plantsower Offline


Registered: 09/13/09
Loc: Burson, CA
Okay. Thanks. And I will definitely get a new hard drive ASAP should this happen!!

Rita




Originally Posted By: ganbustein
Originally Posted By: plantsower
In other words, you said my hard drive would have to be functional to use Time Machine. But, why can't I boot Time Machine off of my external drive if my internal hard drive dies?

You don't boot one drive off of another. You just boot a drive. What he meant was that TM can't restore your data without a functional drive to restore it to.

If you are backing up by cloning an internal drive onto an external, and the internal dies, you can then boot off the external and get back up and running immediately. The disadvantage is that you no longer have a backup; the external that used to be your backup is now your running copy, and if anything happens to it you're SOL.

So, in the event that your internal dies, your first order of business is to buy a replacement drive, and clone your backup onto the replacement. Then you can start using the replacement drive as your boot drive, and continue backing it up as before.

If you back up using Time Machine, and your internal drive dies, your first order of business is to get a replacement drive and restore your data onto it from Time Machine. Then you can start using the replacement drive as your boot drive, and continue backing up as before.

The only difference is that a clone backup gives the option, if you're really in a hurry to get back up and running, to boot off the clone, knowing that doing so leaves you with no backup.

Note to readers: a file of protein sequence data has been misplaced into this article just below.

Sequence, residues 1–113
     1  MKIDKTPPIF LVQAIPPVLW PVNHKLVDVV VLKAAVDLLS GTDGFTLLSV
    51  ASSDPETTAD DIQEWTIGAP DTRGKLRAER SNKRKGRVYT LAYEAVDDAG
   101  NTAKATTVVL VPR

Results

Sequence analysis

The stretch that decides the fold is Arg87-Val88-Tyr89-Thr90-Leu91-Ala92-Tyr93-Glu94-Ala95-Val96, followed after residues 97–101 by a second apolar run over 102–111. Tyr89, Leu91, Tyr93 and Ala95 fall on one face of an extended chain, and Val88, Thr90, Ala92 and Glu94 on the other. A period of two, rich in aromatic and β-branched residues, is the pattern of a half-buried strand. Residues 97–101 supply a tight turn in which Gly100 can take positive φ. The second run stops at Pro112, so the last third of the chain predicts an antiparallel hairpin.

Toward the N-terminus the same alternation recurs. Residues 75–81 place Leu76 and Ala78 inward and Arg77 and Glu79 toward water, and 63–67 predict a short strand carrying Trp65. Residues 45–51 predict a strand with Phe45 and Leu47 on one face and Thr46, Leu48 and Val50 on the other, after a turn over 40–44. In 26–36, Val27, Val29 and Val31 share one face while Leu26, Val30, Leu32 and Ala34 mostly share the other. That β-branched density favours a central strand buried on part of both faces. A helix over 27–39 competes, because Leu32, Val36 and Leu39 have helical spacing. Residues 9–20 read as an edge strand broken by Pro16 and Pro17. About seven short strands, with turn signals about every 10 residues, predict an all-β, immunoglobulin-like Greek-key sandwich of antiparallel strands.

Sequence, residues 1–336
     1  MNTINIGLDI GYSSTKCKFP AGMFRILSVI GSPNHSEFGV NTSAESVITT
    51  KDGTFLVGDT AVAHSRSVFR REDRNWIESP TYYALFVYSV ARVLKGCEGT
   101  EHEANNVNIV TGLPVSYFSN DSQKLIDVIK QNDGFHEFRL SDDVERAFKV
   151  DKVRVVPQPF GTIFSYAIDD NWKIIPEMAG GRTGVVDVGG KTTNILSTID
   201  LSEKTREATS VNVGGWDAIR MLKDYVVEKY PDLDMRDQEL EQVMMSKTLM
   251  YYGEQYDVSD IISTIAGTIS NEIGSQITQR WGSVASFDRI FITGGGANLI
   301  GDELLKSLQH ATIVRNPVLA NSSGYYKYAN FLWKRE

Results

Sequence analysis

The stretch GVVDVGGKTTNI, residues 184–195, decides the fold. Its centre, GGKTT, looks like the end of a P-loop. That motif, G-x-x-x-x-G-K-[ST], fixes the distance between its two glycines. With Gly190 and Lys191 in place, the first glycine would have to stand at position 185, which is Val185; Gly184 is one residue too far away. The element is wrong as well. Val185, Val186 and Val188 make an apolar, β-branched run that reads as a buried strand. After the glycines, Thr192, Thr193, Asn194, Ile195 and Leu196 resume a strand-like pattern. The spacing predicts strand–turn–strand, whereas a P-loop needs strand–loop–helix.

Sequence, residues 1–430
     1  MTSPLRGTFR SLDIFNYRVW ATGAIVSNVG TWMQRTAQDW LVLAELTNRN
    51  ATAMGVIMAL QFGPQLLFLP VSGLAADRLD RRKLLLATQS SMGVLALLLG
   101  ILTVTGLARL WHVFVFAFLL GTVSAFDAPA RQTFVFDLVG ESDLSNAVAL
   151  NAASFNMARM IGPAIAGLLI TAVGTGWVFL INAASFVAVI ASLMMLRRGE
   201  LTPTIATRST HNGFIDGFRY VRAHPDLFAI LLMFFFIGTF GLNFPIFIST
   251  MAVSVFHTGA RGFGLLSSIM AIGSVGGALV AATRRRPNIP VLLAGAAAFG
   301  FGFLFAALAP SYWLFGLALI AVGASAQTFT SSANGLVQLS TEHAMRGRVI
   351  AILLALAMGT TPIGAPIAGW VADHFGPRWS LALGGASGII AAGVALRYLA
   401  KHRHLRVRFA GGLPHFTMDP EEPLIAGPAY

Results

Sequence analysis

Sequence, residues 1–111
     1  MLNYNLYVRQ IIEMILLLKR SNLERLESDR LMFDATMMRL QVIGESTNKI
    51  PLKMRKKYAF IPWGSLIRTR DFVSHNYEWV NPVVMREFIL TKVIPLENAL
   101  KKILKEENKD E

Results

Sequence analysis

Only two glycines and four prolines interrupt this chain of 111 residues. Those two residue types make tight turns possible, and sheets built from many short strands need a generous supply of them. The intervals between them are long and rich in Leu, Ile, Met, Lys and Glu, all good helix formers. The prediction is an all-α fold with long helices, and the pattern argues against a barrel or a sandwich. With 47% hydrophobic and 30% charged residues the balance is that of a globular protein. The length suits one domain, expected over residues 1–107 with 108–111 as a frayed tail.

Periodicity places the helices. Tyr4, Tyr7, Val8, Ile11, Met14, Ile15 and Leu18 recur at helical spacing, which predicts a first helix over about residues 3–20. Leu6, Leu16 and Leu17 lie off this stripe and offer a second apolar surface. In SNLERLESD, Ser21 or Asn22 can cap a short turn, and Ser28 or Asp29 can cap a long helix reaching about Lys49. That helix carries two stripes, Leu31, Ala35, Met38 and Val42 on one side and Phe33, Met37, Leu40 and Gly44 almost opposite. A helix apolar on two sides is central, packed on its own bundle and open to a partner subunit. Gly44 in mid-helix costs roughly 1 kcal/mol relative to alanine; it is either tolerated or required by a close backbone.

If you can afford the time to wait for the replacement drive to arrive, and the time it takes to restore, both methods are equally effective. Restoring your data to the new replacement is just as fast whether you're restoring it from a clone or from Time Machine.
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#22822 - 07/30/12 04:28 PM Re: MOUNTAIN LION [Re: plantsower]
artie505 Online


Registered: 08/04/09
> But, why can't I boot Time Machine off of my external drive if my internal hard drive dies?

If I understand that question, the answer is that although Time Machine can be used to create a bootable volume, a Time Machine backup is not bootable in and of itself (as opposed to a cloned backup which is).
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#22824 - 07/30/12 06:24 PM Re: MOUNTAIN LION [Re: artie505]
plantsower Offline


Registered: 09/13/09
Loc: Burson, CA
Right. That's what I wanted to know. Thanks, Artie.

Rita


Originally Posted By: artie505
> But, why can't I boot Time Machine off of my external drive if my internal hard drive dies?

If I understand that question, the answer is that although Time Machine can be used to create a bootable volume, a Time Machine backup is not bootable in and of itself (as opposed to a cloned backup which is).